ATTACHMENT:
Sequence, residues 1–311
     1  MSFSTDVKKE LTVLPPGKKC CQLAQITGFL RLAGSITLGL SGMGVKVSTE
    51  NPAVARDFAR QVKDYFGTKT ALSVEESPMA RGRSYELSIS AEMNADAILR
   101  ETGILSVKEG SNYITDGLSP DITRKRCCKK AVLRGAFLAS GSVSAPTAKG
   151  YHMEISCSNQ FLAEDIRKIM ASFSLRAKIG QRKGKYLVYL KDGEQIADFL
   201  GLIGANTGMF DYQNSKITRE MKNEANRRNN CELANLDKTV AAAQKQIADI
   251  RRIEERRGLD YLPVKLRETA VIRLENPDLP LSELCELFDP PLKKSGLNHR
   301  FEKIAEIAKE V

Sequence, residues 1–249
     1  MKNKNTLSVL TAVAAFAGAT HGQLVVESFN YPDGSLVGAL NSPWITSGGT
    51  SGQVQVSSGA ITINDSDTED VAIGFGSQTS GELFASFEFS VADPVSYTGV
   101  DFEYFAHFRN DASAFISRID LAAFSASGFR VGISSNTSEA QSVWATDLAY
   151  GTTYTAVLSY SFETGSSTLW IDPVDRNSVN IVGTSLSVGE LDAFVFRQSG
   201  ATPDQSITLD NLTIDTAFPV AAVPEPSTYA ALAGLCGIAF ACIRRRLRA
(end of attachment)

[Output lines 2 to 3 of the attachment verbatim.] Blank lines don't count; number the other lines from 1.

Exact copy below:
     1  MSFSTDVKKE LTVLPPGKKC CQLAQITGFL RLAGSITLGL SGMGVKVSTE
    51  NPAVARDFAR QVKDYFGTKT ALSVEESPMA RGRSYELSIS AEMNADAILR